Travesty Of Justice

‘No’ to Dealth Penalty

Sar Geelani, Amit Bhattacharyya & Rona Wilson

In yet another grim reminder of its inability to understand the grievances of the downtrodden and discriminated, trying to find solutions in retributive justice, the administration has found gallows as the only shelter for its own insecurities. In the judgement delivered on 22/5/2017 by Justice Jyoti Swarup Srivastav, Sessions Judge 1st, Munger (Sessions Trial No. 319/2015) what is evident is a desperate state trying to make its presence felt by enforcing the most barbaric practice that has been decried by many a country in the civilized world. The five accused - Rattu Kora (aged 30 years), Bipin Mandal (27 years), Adhiklal Pandit (68 years), Bano Kora (45 years) and Mannu Kora (30 years) have been sentenced to death on the charge of being involved in an IED blast on 10.4.2014 at a place near Sawa Lakh Baba, PS Oangta OP, district Monger, Bihar under section 147, 148, 149, 121 (A), 122, 124, 341, 307, 302, 353 of IPC, section 16, 17, 18, 20, 23, 35, 27 of UAP Act, section 3/4 of Explosive Act and 134(B) of Representative of People's Act during parliamentary elections in which some CRPF jawans were killed and some of them injured.

The said judgement is not based on any concrete evidence against the accused. First, it is based entirely on the version of the police witnesses. Second, three of the accused, namely, Bipin Mandal, Bano Kora and Mannu Kora, had not even been mentioned earlier by the informant and so their names did not figure in the FIR. Their names were mentioned, along with others, during examination by the informant. Third, the witnesses who have claimed to have learnt the names of the accused from other people did not mention the names of the persons from whom they have supposedly gathered information. Fourth, there is also the omission of witnesses to be called for examination during the trial. Fifth, even the test identification parade (TI parade) was not conducted to identify the accused persons by name. Sixth, under the Indian system of justice, death penalty can be given only in the "rarest of the rare" cases, whereas in this case, it is accorded on mere suspicion and that too based solely on police evidence.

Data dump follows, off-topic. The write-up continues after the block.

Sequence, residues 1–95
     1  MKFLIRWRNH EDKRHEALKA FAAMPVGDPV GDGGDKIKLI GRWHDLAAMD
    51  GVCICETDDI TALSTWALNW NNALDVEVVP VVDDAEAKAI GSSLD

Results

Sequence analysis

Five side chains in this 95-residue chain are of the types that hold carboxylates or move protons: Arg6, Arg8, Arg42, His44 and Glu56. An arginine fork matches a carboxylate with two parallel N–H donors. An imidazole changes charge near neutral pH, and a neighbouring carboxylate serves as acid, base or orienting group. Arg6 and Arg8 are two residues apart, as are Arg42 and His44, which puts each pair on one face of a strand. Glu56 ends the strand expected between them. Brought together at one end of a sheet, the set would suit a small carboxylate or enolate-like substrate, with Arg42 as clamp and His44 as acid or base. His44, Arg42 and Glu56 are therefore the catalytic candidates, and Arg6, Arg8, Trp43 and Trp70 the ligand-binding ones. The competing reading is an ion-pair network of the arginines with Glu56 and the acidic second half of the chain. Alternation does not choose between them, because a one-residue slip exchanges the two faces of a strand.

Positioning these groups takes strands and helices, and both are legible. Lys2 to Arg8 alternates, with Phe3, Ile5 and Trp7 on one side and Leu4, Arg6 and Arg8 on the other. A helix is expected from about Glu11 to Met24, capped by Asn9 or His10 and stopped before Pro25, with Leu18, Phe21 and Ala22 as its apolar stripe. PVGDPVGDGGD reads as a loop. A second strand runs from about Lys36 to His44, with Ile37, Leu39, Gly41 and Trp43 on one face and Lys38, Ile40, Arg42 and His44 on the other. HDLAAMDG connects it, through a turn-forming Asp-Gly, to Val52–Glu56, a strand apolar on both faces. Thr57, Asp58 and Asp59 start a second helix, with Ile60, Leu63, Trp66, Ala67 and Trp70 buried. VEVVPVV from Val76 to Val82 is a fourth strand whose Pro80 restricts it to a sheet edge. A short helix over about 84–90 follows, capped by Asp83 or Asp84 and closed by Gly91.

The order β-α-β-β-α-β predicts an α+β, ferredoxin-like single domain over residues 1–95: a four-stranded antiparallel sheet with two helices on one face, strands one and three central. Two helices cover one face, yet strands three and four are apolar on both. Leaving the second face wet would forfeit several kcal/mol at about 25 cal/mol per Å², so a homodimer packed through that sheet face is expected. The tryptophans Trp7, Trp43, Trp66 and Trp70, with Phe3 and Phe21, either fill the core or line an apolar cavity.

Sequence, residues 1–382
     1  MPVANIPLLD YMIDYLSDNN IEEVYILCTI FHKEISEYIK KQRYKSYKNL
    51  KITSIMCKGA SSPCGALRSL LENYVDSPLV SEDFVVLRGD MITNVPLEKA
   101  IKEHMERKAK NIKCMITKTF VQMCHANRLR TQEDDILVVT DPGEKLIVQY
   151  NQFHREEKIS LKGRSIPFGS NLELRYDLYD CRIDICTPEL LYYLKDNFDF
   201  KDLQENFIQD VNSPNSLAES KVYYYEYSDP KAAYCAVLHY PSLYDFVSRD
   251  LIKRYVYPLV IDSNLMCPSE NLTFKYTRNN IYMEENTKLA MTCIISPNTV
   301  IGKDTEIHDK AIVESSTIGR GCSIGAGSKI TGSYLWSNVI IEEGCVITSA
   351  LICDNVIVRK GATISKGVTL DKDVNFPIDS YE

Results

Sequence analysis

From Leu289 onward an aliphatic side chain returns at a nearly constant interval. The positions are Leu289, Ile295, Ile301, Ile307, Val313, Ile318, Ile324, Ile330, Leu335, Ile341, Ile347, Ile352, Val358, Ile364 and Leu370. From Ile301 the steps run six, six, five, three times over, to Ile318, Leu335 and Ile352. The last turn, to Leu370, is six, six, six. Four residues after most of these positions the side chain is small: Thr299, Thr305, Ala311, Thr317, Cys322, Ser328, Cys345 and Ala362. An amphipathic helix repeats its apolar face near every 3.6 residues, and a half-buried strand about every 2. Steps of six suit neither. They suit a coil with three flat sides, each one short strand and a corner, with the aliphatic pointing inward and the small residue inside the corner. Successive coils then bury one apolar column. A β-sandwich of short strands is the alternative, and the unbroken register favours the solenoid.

Such a judgement is but a travesty of justice. It has proved beyond doubt the pitiable condition that prevails in India's judicial system and shown that it is virtually impossible for the poor and downtrodden people to get justice under it.

People have witnessed on many occasions how in Bihar during the 1990s, private feudal armies such as the Ranvir Sena killed landless agricultural labourers (mostly dalits) and poor peasants with impunity, and when they resisted, punishment was meted out to the victims of brutality rather than the perpetrators of it. One can recall the death sentence meted out by Gaya court in 2001 to four landless agricultural labourers, lamely, Nanhelal Mochi, Krishna Mochi, Vir Kuyen Paswan and Dharmendra Singh; the apex court also dittoed it. Those prisoners are still in prison along with two other landless agricultural labourers sentenced to life imprisonment namely, Viyas Kahar and Bugal Mochi. The beauty of the system of justice is that the ring leaders of the mass killing at Arwal, Bathanitola, Nagribazar and other places have been acquitted in the court by virtue of being of high caste, landowning origin. People belonging to minority communities such as Muslims are being hanged after being branded as 'terrorists', while the ringleaders of communal riots and genocides such as those in Gujarat got acquittal and now adorn several top political posts. On the other hand, Swadhhi Pragna, the prime accused in the 2004 Malegaon blast case and highly connected with the ruling politico-fundamentalist group got released on bail.